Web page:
Its not like brick and mortar retailers haven’t been trying. First Ecommerce became a huge area of investment across retail early this century, then we mysteriously did “multi-channel” strategies and to keep things interesting we invented “omnichannel”. “Omni” became the mantra that required unfettered capital investment. All manner of orgs were created, digital marketing, attribution, loyalty programs, personalization. Hundreds of startups iterating and incrementally improving approaches to these strategies. However, step back and do a gut check, on a macro basis whatever we are doing quantitatively isnt delivering what we expect it to. Clearly the collective approach used in retail including digital are not working. Foot traffic is declining. Average Unit Revenue is declining and Average Order Value is declining. The great waterfall of revenue that used to fall over these rocks of fixed expense is drying up and the rocks are showing, showing ugly.
As this happens, store operators keep cutting stores, labor hours, items for sale, everything; to cut down cost. And they use those savings to try and get customers to come back in by investing in price, in promotions, in omni-channel strategies. The numbers, however speak for themselves. All prices get beaten on the internet and there are always more items on offer on the internet than any physical store. Yet the only differentiation versus Ecommerce which is within the store format and in person customer service is being constantly “optimized” as cost. Wrong place, wrong time.
However, all is not lost. Physical retail that thinks of itself in a different service context is growing. Weaving in digital interfaces to enhance the locality and leverage human “in real life” service is growing many established and even brand new retailers. Data is revealing flaws in old thinking, exposing weaknesses and some retailers are swiftly addressing to become data enabled companies dexterous with incorporation of the digital lifestyle. Amazon itself is joining this bandwagon with their approach to stores.
We here at Packyge think that a new way to think must come about built around these new opportunities. Retail must be rebuilt, not as a digitization of century old processes but rather Retail must be re-imagined and re-implemented to showcase the value of proximity, of personal (not just personalized) service and of price competitiveness by individual retail category. Consumer instinct should move from “oh I can just order it online” to “I’ll just go get it, its equally easy and not more expensive; I am headed out anyway”.
Mobile changes everything. Web surfing isn’t a thing any more and waiting for the truck from “UPS/Fedex/USPS/whoever your Ecommerce site chose this time for any part of your order” is getting old. In the rock, paper, scissors of paper, web, mobile – mobile wins every time. People look into their phone to seek answers, people like to be out and about, not stuck at home or work. Every third search on mobile phones is location specific. “Where is the closest” is a preface to many, many searches. More and more coming from smart phones. Devices inextricably linked to humans as if chips were embedded in them; as personal as underwear. This past holiday season traffic from mobile devices surpassed the traffic from desktop. More eyeballs are now looking at a mobile phone screen and are geographically closer to retail establishments more times as they do that.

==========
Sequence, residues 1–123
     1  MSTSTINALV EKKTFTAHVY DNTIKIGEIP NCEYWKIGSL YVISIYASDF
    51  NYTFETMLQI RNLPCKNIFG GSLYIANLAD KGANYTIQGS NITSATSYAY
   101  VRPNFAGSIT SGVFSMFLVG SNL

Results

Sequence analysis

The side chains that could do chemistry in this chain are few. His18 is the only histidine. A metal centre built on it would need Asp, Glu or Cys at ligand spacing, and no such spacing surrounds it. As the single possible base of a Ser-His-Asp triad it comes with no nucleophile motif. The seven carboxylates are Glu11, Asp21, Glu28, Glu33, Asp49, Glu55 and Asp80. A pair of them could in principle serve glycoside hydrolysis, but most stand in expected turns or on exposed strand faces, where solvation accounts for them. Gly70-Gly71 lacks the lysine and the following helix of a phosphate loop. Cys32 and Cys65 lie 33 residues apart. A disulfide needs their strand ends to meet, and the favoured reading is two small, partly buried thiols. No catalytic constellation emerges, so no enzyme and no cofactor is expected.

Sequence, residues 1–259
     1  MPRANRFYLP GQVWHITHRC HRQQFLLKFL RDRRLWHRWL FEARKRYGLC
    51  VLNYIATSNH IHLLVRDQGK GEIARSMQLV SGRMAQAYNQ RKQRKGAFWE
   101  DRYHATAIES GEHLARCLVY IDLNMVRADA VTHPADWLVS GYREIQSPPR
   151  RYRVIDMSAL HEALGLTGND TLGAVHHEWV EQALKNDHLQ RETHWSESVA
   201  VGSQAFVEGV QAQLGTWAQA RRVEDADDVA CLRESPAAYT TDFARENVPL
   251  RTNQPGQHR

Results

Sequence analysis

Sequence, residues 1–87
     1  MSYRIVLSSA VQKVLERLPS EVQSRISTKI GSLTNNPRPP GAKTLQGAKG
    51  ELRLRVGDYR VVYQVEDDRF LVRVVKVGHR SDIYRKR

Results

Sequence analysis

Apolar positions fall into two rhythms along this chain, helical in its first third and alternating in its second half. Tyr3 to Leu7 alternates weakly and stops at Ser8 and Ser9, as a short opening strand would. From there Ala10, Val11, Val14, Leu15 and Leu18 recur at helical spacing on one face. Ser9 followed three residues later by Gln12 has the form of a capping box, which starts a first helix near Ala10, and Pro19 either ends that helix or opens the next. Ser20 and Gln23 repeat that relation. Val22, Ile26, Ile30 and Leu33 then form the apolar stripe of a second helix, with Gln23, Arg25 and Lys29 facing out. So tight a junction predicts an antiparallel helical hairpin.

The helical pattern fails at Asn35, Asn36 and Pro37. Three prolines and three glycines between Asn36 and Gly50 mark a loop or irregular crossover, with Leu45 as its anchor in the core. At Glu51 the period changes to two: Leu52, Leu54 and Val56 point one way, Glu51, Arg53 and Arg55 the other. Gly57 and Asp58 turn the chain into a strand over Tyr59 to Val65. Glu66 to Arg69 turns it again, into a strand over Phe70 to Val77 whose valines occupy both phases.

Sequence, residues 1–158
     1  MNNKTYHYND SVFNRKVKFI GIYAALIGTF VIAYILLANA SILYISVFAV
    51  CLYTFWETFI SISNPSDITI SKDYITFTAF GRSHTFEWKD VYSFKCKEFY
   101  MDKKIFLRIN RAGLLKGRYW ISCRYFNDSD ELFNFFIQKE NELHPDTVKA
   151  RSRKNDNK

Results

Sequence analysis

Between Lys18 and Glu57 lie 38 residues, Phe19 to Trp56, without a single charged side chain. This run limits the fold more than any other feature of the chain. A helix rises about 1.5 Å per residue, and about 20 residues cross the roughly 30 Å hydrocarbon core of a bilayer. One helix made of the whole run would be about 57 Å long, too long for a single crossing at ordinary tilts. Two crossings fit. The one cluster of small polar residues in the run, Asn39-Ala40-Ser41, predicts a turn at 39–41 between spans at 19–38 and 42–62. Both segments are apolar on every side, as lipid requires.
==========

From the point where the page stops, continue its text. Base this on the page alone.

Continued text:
This is a seminal moment for brick and mortar retail to seize the advantage since phones by definition are mobile and location aware. They are nifty in their capability to be messaged upon. Retailers must not just rely on discounts, they must rethink reasons to visit. Physical retail must fight to regain foot traffic and provide trip incentives to the right cohorts of people at the right times. Every day part should be trafficked for contributed value by hyper-segmenting customers and shaping cohorts to visit at various time of day. Every customer walking in has to be converted into increased long term value by obsessing about customer service and not just on transactional efficiency; amped up on mobile juice. Retailers must fight out of their stores and they must do that with the urgency driven by existential peril.
Chandra and I became entrepreneurs because we think physical retail survives this great fire. It deserves innovation, new thought process and, our best effort to be rebuilt like our great city after 1871. Too much of our civilization, economy and employment for multitudes depends on it. As it gets rebuilt, it gets built differently. Not with wood and timber of old practices, just digitized; but rather with the re-imagination, planning and foresight that made Chicago a magnificent city for more than a century.
We became entrepreneurs to fight back not because this was expedient and easy. That time has passed. Daniel Burnham who was the director of works from the World’s Colombian Exposition said,
“Make no little plans; they have no magic to stir men’s blood and probably themselves will not be realized. Make big plans; aim high in hope and work, remembering that a noble, logical diagram once recorded will never die, but long after we are gone be a living thing, asserting itself with ever-growing insistency. Remember that our sons and our grandsons are going to do things that would stagger us. Let your watchword be order and your beacon beauty.”
To complete the irony, he also designed the Marshall Field Company building, now called Macy’s on State Street.
We say, #fightoutofyourstores. We at Packyge most definitely will.